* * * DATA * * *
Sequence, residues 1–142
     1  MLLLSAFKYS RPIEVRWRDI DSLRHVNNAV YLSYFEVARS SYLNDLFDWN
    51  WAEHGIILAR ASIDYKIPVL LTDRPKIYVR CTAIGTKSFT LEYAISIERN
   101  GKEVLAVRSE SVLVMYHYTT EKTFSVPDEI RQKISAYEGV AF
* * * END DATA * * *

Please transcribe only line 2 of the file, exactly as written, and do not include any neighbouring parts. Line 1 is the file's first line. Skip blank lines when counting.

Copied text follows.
     1  MLLLSAFKYS RPIEVRWRDI DSLRHVNNAV YLSYFEVARS SYLNDLFDWN